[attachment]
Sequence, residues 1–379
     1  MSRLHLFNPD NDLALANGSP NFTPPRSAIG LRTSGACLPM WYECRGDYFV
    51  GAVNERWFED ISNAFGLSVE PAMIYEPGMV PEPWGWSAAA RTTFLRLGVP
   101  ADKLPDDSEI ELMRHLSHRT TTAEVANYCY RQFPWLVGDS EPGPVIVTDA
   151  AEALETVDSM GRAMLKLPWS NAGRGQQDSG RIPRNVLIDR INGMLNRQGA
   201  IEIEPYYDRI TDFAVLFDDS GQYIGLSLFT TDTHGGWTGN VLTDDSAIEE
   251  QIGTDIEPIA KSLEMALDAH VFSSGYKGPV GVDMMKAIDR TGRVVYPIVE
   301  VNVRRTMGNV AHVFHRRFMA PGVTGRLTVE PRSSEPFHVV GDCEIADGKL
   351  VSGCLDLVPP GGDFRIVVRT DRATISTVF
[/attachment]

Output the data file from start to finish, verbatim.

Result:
Sequence, residues 1–379
     1  MSRLHLFNPD NDLALANGSP NFTPPRSAIG LRTSGACLPM WYECRGDYFV
    51  GAVNERWFED ISNAFGLSVE PAMIYEPGMV PEPWGWSAAA RTTFLRLGVP
   101  ADKLPDDSEI ELMRHLSHRT TTAEVANYCY RQFPWLVGDS EPGPVIVTDA
   151  AEALETVDSM GRAMLKLPWS NAGRGQQDSG RIPRNVLIDR INGMLNRQGA
   201  IEIEPYYDRI TDFAVLFDDS GQYIGLSLFT TDTHGGWTGN VLTDDSAIEE
   251  QIGTDIEPIA KSLEMALDAH VFSSGYKGPV GVDMMKAIDR TGRVVYPIVE
   301  VNVRRTMGNV AHVFHRRFMA PGVTGRLTVE PRSSEPFHVV GDCEIADGKL
   351  VSGCLDLVPP GGDFRIVVRT DRATISTVF